That’s where my other neighbor Donna comes in. She’s a little nutty, but her heart is kind. When Debbie has her fits, it’s Donna who knocks on her door and tells her gently “It’s okay honey.” Donna has used those same words on me a time or two after a particularly rough day. 

Donna just decided that we were going to be friends without consulting me in the matter, and perhaps that’s been for the best. We became acquainted when I stole her laundry detergent that she left sitting in the hallway. I couldn’t afford to buy any myself and it seemed less risky to steal it from her than from a grocery store. After writing me a nasty note and slipping it under my door, I wrote back an apology and gave her my old fishing gear that I hadn’t used in years. We now spend time together sitting at her table talking over a drink or two a few nights a week. I held her as she cried when her beloved cat of sixteen years passed away. She gives me little trinkets and gifts that I don’t really want, but wouldn’t refuse either because it’s how she expresses her affection. We’re both estranged from our families of origin so we’ve mutually decided to consider one another family.

She’s also become my connection to the rest of the building. She told me about Debbie and the horrible abuse she suffered as a child. She told me about another neighbor whose dog had died. And she’s close friends with Helge who lives on the first floor.

About a month back he was out back smoking his pipe as I was coming into the building. He asked if I knew how to darn and I replied with a quizzical look. He explained that he had a pair of wool gloves that had worn holes in them. My guess is that Donna had shown him the hand warmers and matching hat I had knit her for Christmas and he thought I may be able to do some mending. I told him I could take a look and though I felt incredibly uncomfortable being in his apartment, knowing he was a friend of Donna’s helped me retain my composure. He gave me the gloves and I mended them. He also lent me a book by Jon Kabat-Zin. A few weeks later he brought me some Irish stew he made for St. Patrick’s day. I still need to return his container. And I still need to read that book.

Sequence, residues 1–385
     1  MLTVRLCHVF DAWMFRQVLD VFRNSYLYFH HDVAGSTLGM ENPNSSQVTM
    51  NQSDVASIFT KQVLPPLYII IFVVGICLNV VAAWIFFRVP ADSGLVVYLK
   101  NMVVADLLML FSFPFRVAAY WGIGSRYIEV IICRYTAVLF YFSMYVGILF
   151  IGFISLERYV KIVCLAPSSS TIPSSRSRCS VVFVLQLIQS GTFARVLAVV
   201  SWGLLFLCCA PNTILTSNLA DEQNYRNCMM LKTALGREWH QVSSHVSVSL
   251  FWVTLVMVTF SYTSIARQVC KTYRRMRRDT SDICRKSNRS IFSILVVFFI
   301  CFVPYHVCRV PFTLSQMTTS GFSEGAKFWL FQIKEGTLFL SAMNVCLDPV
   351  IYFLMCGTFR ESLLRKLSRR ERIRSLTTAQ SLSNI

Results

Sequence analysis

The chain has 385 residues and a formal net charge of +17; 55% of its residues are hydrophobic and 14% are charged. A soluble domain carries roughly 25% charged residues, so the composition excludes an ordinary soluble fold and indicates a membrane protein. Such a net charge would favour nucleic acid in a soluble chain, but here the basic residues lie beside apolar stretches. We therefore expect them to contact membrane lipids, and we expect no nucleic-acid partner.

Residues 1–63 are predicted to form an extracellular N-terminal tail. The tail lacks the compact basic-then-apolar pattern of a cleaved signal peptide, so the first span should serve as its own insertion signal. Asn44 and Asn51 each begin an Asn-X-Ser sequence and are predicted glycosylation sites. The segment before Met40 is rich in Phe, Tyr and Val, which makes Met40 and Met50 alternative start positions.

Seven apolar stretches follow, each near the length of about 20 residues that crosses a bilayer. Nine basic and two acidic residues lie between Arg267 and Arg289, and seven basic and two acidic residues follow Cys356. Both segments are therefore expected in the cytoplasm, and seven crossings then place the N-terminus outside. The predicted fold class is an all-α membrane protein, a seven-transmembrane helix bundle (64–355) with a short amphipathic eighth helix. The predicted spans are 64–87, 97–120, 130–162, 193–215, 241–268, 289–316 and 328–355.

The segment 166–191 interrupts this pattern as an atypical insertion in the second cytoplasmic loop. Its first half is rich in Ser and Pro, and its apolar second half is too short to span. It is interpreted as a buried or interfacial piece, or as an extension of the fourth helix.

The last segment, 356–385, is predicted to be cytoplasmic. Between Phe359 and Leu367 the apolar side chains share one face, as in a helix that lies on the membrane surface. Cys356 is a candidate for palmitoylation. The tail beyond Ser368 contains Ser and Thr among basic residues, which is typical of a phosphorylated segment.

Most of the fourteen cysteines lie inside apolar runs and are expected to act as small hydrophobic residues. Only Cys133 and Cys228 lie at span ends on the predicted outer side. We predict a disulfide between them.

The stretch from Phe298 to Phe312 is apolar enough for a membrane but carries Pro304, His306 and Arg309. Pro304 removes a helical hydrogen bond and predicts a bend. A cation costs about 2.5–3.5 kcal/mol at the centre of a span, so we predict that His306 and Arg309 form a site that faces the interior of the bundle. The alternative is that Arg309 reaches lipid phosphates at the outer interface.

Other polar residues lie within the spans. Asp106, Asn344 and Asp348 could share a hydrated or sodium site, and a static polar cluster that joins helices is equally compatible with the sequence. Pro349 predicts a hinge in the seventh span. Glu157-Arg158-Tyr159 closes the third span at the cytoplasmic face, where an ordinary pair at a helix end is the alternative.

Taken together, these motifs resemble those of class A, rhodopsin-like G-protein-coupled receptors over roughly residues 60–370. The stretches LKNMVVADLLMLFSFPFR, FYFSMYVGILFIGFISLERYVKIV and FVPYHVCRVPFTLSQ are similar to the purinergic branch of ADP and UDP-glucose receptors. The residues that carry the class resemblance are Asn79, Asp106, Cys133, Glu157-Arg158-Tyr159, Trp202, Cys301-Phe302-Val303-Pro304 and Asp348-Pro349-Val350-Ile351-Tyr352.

Then there’s this older gentleman with grey hair and a bright face who asks me if I’m new to the building every time I see him at the elevators. He’s always wearing a grey t-shirt and blue jeans. I always tell him that I’ve only just moved in. 

Someone was murdered in the building a few months back. I didn’t know him either, but I think his name was Duane. The news reported that he was an ex-con, which makes me even more uneasy than the fact that he was murdered. Some of my crazy neighbors are also ex-cons. But I’ve learned to sleep with that knowledge along with the relentless traffic that parades by at all hours. I grew up falling asleep to the sound of frogs and distant cattle. Things sure have changed.